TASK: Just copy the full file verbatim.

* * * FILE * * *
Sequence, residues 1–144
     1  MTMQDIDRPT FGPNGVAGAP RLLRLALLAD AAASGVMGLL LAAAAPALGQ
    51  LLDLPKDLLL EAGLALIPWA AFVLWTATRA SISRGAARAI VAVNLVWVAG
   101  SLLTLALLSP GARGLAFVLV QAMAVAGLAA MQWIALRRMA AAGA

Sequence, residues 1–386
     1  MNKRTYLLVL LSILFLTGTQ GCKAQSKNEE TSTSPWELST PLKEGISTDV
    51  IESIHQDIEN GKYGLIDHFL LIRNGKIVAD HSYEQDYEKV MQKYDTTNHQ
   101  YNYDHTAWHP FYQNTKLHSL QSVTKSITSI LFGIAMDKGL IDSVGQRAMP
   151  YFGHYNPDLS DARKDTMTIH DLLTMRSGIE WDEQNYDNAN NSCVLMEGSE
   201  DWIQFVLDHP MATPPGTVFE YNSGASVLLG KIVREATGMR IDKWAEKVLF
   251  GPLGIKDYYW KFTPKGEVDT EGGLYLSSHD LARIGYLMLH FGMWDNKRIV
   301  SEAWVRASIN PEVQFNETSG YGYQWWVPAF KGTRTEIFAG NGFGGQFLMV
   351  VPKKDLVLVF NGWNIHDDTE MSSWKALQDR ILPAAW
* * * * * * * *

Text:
Sequence, residues 1–144
     1  MTMQDIDRPT FGPNGVAGAP RLLRLALLAD AAASGVMGLL LAAAAPALGQ
    51  LLDLPKDLLL EAGLALIPWA AFVLWTATRA SISRGAARAI VAVNLVWVAG
   101  SLLTLALLSP GARGLAFVLV QAMAVAGLAA MQWIALRRMA AAGA

Sequence, residues 1–386
     1  MNKRTYLLVL LSILFLTGTQ GCKAQSKNEE TSTSPWELST PLKEGISTDV
    51  IESIHQDIEN GKYGLIDHFL LIRNGKIVAD HSYEQDYEKV MQKYDTTNHQ
   101  YNYDHTAWHP FYQNTKLHSL QSVTKSITSI LFGIAMDKGL IDSVGQRAMP
   151  YFGHYNPDLS DARKDTMTIH DLLTMRSGIE WDEQNYDNAN NSCVLMEGSE
   201  DWIQFVLDHP MATPPGTVFE YNSGASVLLG KIVREATGMR IDKWAEKVLF
   251  GPLGIKDYYW KFTPKGEVDT EGGLYLSSHD LARIGYLMLH FGMWDNKRIV
   301  SEAWVRASIN PEVQFNETSG YGYQWWVPAF KGTRTEIFAG NGFGGQFLMV
   351  VPKKDLVLVF NGWNIHDDTE MSSWKALQDR ILPAAW